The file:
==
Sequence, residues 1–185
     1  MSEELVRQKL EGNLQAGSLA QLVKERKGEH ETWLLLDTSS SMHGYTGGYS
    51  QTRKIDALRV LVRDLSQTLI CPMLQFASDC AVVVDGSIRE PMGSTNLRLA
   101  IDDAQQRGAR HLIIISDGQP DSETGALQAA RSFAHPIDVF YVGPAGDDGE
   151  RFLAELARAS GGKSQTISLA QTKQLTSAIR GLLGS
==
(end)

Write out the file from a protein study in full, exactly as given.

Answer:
Sequence, residues 1–185
     1  MSEELVRQKL EGNLQAGSLA QLVKERKGEH ETWLLLDTSS SMHGYTGGYS
    51  QTRKIDALRV LVRDLSQTLI CPMLQFASDC AVVVDGSIRE PMGSTNLRLA
   101  IDDAQQRGAR HLIIISDGQP DSETGALQAA RSFAHPIDVF YVGPAGDDGE
   151  RFLAELARAS GGKSQTISLA QTKQLTSAIR GLLGS